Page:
7. 7. Read this document about statistics and crime: <ul><li>http://rds.homeoffice.gov.uk/rds/pdfs06/crime-statistics-independent-review-06.pdf </li></ul>
  8. 8. Interview with Chief Constable <ul><li>High relevant person – Chief Constable is the title given to the chief police officer of every territorial police force in the United Kingdom </li></ul><ul><li>Useful? </li></ul><ul><li>http://www.cypnow.co.uk/news/868327/Interview-childrens-copper---Chief-constable-Ian-McPherson-ACPO-lead-children-young-people/ </li></ul><ul><li>Less useful? </li></ul><ul><li>http://www.windsorleadershiptrust.org.uk/en/1/sthorntonint.html </li></ul>
  9. 9. Structured interview <ul><li>Specific goals of interview detailed in advance </li></ul><ul><li>Provides coherent structure </li></ul><ul><li>Detailed information on the issues you seek answers to </li></ul><ul><li>Specific clear facts/ figure/ answers </li></ul>
  10. 10. Unstructured Interview <ul><li>Better in initial stages of research </li></ul><ul><li>Provide general answers in your area of study </li></ul><ul><li>Provide starting point to use to find more info </li></ul><ul><li>Less pressure on interviewee might mean more open honest responses </li></ul>
  11. 11. ( a ) To what extent can valid and reliable conclusions be made from this information? <ul><li>Define valid and reliable. </li></ul><ul><li>Valid: true knowledge. Accurately measuring the concept. </li></ul><ul><li>Reliable: concerned with the question of whether the results of the study are can be trusted and are consistent. </li></ul>
  12. 12. <ul><li>O – ORIGIN (who/ when?) </li></ul><ul><li>P – PURPOSE (why?) </li></ul><ul><li>C – CONTENT (What info does it contain?) </li></ul><ul><li>R – Recalled KU </li></ul>
  13. 13. Evidence that suggests that the information does allow us to make valid and reliable conclusions: <ul><li>Relatively recent (within a 5 year window) </li></ul><ul><ul><li>Date of January 2007. </li></ul></ul><ul><ul><li>Gives evidence of deaths 5 th and 15th January 2007 </li></ul></ul><ul><li>Inquest is a non-governmental organisation -independent of government so less pro-govt bias will be evident </li></ul><ul><ul><li>Winners of the Longford Prize 2009 and the Liberty/JUSTICE Human Rights Award 2007 </li></ul></ul><ul><ul><li>Govt statistics may have a political agenda and be less impartial </li></ul></ul><ul><li>INQUEST conducts its own research – established, reliable, credible source and reputable </li></ul><ul><li>• its statistics show 5 year period so valid. </li></ul><ul><li>Quote/ opinion from co-director of the charity </li></ul><ul><ul><li>Deborah Coles </li></ul></ul>
  14. 14. Evidence that suggests that the information does not allow us to make valid and reliable conclusions: <ul><li>NGO – so is potentially biased </li></ul><ul><li>Has a particular agenda … </li></ul><ul><ul><li>INQUEST is a charity that provides a free advice service to bereaved people on contentious deaths and their investigation with a particular focus on deaths in custody. </li></ul></ul><ul><ul><li>Reporting biased in favour of the dead person as they cannot speak for themselves </li></ul></ul><ul><ul><li>Biased statements throughout eg “ prisons as dumping grounds” </li></ul></ul><ul><li>” Already this year” but no facts to compare with last year </li></ul><ul><li>Statistics – unclear what some of the categories mean eg “other non-natural causes” (What would be included in this?) </li></ul><ul><li>Detailed source of statistics or how they are collected not given </li></ul><ul><li>and cannot compare with years previous to those shown </li></ul><ul><li>Figures since 2007 not included (could be more up to date) </li></ul><ul><li>4 points x 3 marks </li></ul>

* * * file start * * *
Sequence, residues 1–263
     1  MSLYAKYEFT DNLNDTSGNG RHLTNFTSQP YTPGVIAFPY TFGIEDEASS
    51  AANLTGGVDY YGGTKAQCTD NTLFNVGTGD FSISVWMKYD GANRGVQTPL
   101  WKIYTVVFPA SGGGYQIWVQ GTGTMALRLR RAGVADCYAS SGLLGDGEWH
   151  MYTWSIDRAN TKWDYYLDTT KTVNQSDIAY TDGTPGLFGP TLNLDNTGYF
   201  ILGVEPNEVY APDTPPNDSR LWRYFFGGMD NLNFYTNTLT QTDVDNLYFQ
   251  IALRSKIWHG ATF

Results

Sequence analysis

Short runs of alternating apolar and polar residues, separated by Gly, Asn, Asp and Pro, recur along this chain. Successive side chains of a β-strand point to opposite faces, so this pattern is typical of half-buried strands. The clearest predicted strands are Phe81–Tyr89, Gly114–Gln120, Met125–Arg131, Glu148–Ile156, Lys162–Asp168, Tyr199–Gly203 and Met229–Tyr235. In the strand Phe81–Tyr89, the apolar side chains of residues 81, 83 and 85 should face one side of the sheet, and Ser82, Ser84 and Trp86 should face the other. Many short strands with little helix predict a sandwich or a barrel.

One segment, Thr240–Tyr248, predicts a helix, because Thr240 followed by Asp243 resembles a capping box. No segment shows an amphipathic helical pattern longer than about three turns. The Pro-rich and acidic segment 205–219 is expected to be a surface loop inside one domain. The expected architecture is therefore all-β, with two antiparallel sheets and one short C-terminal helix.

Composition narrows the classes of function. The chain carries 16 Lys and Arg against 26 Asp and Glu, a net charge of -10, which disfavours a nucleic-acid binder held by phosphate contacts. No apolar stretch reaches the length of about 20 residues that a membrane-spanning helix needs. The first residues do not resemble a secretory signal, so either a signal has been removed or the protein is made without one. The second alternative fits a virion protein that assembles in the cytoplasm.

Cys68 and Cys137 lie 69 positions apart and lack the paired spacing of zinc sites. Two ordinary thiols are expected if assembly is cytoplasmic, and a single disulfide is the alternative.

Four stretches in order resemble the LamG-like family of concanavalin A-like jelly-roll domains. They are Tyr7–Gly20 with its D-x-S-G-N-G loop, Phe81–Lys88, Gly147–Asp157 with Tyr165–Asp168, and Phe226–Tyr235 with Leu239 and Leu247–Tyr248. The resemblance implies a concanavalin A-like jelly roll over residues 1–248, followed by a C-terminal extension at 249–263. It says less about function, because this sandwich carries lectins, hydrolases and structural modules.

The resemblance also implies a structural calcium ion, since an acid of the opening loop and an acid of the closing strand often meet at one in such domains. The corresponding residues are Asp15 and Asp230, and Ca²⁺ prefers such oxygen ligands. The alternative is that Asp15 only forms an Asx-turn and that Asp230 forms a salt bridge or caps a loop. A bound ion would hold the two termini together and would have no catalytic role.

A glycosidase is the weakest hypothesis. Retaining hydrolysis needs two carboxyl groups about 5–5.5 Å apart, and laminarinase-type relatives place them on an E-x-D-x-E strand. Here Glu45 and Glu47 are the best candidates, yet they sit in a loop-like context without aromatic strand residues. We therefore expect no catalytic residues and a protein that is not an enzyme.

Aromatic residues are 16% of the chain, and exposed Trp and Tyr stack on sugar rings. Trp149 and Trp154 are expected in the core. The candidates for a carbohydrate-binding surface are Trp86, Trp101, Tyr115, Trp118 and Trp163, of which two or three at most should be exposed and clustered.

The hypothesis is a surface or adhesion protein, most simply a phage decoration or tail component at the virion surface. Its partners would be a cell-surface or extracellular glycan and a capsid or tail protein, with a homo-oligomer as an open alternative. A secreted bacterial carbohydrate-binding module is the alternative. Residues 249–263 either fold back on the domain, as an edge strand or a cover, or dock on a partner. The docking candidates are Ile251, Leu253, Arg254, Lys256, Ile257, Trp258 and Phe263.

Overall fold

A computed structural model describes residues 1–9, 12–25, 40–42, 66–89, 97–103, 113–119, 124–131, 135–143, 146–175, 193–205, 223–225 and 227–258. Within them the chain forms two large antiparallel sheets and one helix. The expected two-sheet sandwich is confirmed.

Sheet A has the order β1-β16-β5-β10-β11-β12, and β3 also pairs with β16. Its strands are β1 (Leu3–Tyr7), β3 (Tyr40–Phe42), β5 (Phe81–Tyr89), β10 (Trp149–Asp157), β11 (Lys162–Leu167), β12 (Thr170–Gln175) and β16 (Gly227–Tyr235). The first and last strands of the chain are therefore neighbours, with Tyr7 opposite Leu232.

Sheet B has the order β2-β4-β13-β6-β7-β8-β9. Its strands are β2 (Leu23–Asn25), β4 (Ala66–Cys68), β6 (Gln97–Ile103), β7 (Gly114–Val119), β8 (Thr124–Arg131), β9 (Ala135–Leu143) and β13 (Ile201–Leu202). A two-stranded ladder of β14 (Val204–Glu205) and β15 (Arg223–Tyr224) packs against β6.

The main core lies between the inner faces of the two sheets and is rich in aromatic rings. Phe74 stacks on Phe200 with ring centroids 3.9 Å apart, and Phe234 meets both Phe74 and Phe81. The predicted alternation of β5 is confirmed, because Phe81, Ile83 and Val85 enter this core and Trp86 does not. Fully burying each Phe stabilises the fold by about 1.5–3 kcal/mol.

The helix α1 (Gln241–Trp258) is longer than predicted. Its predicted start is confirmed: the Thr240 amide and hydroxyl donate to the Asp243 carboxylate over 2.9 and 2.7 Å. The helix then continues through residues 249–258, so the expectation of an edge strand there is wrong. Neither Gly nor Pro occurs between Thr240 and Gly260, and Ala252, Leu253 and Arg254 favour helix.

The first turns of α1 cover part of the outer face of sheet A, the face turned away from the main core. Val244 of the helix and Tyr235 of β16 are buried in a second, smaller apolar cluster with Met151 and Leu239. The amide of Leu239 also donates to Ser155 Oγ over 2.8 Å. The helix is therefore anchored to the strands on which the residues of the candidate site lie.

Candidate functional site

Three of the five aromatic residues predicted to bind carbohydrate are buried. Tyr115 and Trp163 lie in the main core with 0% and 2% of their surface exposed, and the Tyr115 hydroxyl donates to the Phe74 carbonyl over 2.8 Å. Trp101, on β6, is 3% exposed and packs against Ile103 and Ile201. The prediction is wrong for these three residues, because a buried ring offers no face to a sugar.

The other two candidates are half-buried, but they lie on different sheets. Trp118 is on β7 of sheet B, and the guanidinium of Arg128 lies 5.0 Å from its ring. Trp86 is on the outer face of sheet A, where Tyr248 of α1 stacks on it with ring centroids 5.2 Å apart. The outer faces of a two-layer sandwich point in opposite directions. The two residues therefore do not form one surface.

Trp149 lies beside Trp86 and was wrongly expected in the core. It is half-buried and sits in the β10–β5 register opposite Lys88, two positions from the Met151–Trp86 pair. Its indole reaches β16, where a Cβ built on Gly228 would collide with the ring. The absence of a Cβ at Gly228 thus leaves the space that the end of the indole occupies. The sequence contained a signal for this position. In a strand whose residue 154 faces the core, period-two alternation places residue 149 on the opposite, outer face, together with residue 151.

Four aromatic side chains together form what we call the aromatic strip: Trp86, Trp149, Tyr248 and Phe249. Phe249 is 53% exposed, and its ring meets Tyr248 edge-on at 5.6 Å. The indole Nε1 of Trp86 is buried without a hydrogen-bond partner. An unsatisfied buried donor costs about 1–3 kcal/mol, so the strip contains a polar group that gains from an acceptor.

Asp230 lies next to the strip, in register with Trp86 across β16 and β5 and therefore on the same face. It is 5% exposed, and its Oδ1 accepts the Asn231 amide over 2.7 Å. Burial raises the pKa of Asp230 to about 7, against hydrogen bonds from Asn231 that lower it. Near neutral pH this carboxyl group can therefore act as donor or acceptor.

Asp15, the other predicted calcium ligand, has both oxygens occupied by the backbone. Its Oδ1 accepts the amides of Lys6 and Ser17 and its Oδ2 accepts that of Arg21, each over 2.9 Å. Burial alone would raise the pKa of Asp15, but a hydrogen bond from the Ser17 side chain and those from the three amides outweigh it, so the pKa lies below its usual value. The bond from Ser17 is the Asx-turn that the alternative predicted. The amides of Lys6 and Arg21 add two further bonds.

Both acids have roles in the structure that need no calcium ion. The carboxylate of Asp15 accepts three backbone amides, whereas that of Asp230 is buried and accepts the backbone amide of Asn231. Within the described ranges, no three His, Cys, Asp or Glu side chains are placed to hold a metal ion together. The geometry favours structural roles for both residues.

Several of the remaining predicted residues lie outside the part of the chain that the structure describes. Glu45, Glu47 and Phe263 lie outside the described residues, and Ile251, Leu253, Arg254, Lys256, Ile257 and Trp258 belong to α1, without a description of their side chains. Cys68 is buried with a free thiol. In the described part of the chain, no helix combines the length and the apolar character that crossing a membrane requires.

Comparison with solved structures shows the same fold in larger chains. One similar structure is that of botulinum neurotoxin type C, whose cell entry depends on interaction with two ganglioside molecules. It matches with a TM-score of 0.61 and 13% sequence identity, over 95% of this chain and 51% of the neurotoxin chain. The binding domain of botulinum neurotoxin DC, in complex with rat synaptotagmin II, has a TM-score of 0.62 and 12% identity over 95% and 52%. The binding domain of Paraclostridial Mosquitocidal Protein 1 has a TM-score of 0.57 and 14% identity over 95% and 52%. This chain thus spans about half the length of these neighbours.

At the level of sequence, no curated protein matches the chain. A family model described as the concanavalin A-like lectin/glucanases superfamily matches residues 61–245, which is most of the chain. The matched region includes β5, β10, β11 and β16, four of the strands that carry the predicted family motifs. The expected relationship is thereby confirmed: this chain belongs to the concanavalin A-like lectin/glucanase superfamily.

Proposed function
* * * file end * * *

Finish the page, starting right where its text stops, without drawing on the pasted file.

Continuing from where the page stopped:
15. 15. ( b ) Suggest, with reasons, one alternative way in which this information could be presented in order to make it easier for a researcher to use. <ul><li>Drop down menu of choices across the top separating into categories… </li></ul><ul><ul><li>High profile cases </li></ul></ul><ul><ul><li>Statistics – link to official and Inquest commissioned </li></ul></ul><ul><ul><li>Photographs/ Family stories </li></ul></ul><ul><ul><li>Related news articles </li></ul></ul><ul><ul><li>Links to related campaigns/ issues </li></ul></ul><ul><li>Colour and more illustrations </li></ul><ul><li>Link to a face book page/ social networking site </li></ul><ul><li>List of related events/ campaigns </li></ul>